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Despite the Seventh Court of Appeals ruling Thursday that Wisconsin’s ban on gay marriage is unconstitutional, same-sex couples here still can’t get married, but they are one step closer. The decision was unanimous, a story from WISN 12 News reads. The ban was overturned in June by U.S. District Judge Barbara Crabb, because, she wrote, it created a separate class of citizens. “Quite simply, this case is about liberty and equality, the two cornerstones of the rights protected by the United States Constitution,” Crabb’s decision read. Voters in 2006 approved a state constitutional amendment to define marriage as between one man and one woman, but eight couples filed suit against the state, saying the ban violated their constitutional rights. While other counties across the state issued marriage licenses to same-sex couples, Racine County took a more cautious approach. County Clerk Wendy Christensen said then that she was waiting for more direction from the court until she and her staff would issue licenses to gay and lesbian couples. State Attorney General J.B. Van Hollen on Thursday reiterated that Crabb’s stay remains in place until the U.S. Supreme Court weighs in and that he will file an appeal on behalf of the state. “The stay issued by U.S. District Court Judge Barbara Crabb on June 13, 2014, remains in effect. This means that Article XIII, Sec. 13 of the Wisconsin Constitution limiting marriage to between one man and one woman as well as all other related state laws are in full force and effect until this case is finally resolved by the United States Supreme Court. The status quo has not changed with today’s ruling. The state defendants will file their appeal petition with the United States Supreme Court in a timely manner,” the statement reads. The majority of Racine County Eye readers who commented on the site’s Facebook page approve of this latest decision. Mike Fischer said, “Glad to see it. I look forward to a similar Supreme Court ruling in the next session.” Kelly Gonzalez commented that gay marriage shouldn’t be so controversial.It’s about time! I’m thrilled I never much understood why it was such a big deal, if they want to marry someone they should be able to period,” she posted. Scot Bartels took a more pragmatic approach, reminding everyone that SCOTUS will have the final say even though he believes state residents should be the ones to decide. “Before everyone gets all excited remember that this will eventually reach the US Supreme Court,” he wrote. “I disagree with the idea that our ban is somehow unconstitutional … If you want to make same sex marriages legal in this state I would be fine with that. I just do not want to see it happen via judicial fiat.”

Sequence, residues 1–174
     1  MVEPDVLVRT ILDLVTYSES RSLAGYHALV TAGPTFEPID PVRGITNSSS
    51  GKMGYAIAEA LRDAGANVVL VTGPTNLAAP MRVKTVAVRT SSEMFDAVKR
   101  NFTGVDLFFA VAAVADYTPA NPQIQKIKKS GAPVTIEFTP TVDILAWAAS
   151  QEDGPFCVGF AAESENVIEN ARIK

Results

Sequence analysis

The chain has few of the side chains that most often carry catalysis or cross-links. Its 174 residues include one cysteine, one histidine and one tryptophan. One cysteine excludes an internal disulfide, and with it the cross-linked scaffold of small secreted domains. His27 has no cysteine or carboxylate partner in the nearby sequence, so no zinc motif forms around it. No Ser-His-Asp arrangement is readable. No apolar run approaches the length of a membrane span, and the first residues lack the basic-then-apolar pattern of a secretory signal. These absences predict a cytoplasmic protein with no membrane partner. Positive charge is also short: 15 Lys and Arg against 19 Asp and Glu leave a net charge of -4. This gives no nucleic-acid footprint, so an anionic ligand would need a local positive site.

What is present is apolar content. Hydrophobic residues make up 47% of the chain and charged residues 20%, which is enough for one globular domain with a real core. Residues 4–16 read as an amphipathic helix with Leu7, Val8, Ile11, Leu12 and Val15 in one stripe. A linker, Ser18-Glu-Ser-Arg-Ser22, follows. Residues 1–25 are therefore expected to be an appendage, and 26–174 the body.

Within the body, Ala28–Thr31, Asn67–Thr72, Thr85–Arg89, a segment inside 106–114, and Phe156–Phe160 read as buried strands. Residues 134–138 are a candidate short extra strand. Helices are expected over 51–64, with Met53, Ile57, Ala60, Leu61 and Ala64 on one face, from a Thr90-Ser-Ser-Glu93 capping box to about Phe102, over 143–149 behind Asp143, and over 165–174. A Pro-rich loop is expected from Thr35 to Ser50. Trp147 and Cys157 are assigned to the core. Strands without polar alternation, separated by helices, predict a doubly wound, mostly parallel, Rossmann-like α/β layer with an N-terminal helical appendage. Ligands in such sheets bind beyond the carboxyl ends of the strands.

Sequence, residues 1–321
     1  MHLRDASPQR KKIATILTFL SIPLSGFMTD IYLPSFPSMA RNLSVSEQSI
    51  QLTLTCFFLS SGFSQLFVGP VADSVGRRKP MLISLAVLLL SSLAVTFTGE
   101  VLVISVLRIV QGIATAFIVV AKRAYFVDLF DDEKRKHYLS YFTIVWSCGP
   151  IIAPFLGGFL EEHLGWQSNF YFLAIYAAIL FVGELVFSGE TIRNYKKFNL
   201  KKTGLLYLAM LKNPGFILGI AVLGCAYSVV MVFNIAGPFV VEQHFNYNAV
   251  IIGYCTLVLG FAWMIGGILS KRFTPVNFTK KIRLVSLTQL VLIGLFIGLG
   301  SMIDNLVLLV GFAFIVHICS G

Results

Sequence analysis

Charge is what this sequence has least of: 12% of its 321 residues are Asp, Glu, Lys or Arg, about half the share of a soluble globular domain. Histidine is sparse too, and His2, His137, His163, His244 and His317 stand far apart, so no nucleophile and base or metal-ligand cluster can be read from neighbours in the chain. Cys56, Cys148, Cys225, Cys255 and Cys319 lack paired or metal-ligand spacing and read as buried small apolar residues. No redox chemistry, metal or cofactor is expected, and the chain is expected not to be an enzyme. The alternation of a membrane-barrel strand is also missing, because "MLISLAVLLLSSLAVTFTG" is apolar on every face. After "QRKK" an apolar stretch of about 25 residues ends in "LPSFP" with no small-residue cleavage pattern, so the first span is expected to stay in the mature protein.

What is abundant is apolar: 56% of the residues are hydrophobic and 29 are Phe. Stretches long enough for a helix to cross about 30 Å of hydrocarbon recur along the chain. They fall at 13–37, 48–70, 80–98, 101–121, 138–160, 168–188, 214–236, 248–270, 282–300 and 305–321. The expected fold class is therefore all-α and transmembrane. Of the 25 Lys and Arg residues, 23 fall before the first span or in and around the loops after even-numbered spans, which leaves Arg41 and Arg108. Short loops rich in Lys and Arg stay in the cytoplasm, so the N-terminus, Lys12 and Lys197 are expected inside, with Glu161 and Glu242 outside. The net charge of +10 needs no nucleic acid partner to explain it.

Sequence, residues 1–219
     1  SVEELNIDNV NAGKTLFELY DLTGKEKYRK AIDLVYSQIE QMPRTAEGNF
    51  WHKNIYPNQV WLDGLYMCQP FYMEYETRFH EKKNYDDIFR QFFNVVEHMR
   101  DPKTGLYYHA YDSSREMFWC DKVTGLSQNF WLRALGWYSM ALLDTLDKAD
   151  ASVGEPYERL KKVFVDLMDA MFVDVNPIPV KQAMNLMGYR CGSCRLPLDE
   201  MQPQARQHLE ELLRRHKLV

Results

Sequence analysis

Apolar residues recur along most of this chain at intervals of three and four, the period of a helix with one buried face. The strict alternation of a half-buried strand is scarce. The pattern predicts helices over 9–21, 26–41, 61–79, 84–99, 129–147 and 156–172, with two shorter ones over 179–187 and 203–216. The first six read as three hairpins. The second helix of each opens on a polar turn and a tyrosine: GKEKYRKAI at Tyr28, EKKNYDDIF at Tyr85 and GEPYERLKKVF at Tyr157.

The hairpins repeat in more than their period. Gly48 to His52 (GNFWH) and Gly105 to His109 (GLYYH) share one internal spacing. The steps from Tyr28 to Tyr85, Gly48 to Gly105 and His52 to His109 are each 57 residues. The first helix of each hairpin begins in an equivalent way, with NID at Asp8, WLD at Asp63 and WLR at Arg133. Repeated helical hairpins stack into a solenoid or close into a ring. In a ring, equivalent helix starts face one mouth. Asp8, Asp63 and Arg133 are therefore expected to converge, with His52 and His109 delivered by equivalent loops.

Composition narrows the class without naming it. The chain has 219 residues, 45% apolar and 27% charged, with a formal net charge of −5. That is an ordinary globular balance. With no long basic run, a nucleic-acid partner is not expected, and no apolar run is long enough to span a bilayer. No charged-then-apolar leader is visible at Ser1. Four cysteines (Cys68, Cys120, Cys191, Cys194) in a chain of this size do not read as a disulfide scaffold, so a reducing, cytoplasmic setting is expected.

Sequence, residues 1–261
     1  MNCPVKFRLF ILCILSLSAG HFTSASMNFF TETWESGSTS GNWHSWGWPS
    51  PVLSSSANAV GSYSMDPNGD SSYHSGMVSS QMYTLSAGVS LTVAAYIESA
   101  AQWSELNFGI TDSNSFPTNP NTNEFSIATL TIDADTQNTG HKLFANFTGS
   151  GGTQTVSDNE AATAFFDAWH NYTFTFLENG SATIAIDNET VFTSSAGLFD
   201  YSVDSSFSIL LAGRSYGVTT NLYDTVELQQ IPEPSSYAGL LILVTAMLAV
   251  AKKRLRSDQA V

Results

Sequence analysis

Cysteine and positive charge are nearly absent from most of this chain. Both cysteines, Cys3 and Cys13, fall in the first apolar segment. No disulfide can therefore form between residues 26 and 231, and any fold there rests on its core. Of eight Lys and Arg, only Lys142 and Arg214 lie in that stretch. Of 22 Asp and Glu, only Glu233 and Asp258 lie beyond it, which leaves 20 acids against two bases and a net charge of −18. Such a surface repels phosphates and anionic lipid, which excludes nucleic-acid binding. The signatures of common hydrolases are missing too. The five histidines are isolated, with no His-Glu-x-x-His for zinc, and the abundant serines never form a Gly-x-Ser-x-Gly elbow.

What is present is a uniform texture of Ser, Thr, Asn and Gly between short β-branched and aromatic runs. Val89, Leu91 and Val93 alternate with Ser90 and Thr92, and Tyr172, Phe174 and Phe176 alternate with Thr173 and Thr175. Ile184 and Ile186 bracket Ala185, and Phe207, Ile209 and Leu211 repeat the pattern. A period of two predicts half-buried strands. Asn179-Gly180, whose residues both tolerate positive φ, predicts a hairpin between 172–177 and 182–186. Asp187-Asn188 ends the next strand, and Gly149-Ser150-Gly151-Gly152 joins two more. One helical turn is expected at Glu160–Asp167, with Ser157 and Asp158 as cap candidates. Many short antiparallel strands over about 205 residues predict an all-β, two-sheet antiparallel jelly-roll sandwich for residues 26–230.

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In addition to our education features, we’ll be kicking off a series of stories highlighting how parents, students, and educators are adapting to the impact of COVID-19 on education. If this is important to you, please consider donating to our education reporting fund. https://business.facebook.com/donate/1846323118855149/3262802717172659/